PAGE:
This is the Part 2 follow up of the previous post on applying proper color correction to games on the Steam Deck.
The Steam Deck comes with very poor color reproduction out of the box, and can be dramatically improved by applying color correction via LUTs. Previous posters have done an excellent job creating tutorials for Reshade on apps installed via Steam. However, you cannot use Reshade on native linux apps with Vulkan. That's where this amazing project comes into play – vkBasalt. Unfortunately there is no easy way without unlocking your file system on your steam deck to get vkBasalt running for every single application. However, there is a flatpak version available. This means we can use vkbasalt to apply LUTs to our flatpak apps. Most emulators are installed via Flatpak. In addition, games that we install via Heroic Games Launcher can benefit from this guide provided you installed the flatpak version.
NOTE – This tutorial requires that you have a working LUT in a .cube or .png format as per the guide in Part 1. If you don't have it or don't have the equipment, I have made my files available for you to use and apply yourself.
This is a crude example shot from my iPhone. Note the colors are not 100% true to life in this video, but it shows the LUT / vkBasalt setup working and toggle-able. In real life the LUT applied looks significantly better / more accurate. Demo video is of Ratchet & Clank running on PCSX2. Noticeably the sky looks more accurate as do the grass and trees. However, the iPhone makes it look more saturated than it is in real life.
Step 1: Installing vkBasalt
Open the Discover App and search for vkbasalt. Then click install on the right side. This should just take a minute and be pretty straightforward.
Step 2: Configuring vkBasalt
Modifying the vkbasalt config file is a little tricky because the flatpak filesystem is different than the one that is typically exposed to us.
You will need to go to the following path:
The easiest way to do this is to just open Konsole and type in:
Create vkBasalt.conf within this directory. You can use my config as an example. Or you can create your own. Please remember to change the LUT path to the path where you saved your .cube LUT file, otherwise it won't work properly. Here is my lut file as an example. If you use my LUT file please update the path to where you saved the .cube file.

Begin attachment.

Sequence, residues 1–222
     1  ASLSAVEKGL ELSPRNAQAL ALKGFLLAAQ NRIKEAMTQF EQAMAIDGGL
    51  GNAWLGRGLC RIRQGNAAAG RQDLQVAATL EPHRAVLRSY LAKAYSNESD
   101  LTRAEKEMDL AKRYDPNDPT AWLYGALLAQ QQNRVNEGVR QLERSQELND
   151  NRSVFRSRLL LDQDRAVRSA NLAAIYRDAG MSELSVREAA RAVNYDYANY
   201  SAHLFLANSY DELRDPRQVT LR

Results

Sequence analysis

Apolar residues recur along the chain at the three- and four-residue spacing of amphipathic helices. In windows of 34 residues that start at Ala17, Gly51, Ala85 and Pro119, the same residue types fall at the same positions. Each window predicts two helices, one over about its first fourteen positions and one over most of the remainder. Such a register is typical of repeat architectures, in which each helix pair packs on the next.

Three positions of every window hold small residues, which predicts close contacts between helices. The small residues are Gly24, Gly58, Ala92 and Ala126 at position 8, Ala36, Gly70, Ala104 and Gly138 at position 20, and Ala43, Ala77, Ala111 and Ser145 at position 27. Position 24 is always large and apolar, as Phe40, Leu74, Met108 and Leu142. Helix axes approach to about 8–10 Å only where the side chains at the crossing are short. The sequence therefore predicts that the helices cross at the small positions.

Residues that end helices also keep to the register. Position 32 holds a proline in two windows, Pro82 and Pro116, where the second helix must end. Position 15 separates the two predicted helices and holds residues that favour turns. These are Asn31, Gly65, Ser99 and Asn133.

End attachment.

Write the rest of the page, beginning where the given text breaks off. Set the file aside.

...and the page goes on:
From a permissions standpoint if you drop the .cube file in this directory as well, you don't have to update the permissions. If you do – in the
vkBasalt.conf file specify the location as
/etc/vkBasalt/(YOUR LUT FILE).cube.
However, if you saved your .cube file in your Downloads or Documents folder (or basically any other location in your home directory), you will need to update the permissions. The easiest way to do this is to use Flatseal to grant access to your home directory. This is a blanket permission though so use caution. You can also use the CLI to manage the file permissions just for vkBasalt, but that isn't covered here.
Step 3: Configuring Emulators or Other Flatpak Apps
In order for your flatpak apps to take advantage of vkBasalt and the LUT configuration, you will need to set an environment variable. The easiest way to configure the environment variable is to use Flatseal.
Jump into Flatseal and find all the emulators and apps you want to leverage vkBasalt. Scroll down to Environment and add the following line:
ENABLE_VKBASALT=1. Verify your settings as per the screen shot below.
As a reminder, you will need to do this for each app you would want to apply the vkBasalt LUT configuration.
Congrats! If you made it this far you should have a working LUT setup within your flatpak apps / emulators. To test it launch your flapak apps within Desktop Mode and you can hit the HOME key on your keyboard to toggle the effects on and off to see the difference yourself. Note that this toggle may not work in gaming mode. If you have any questions or comments feel free to leave them down below.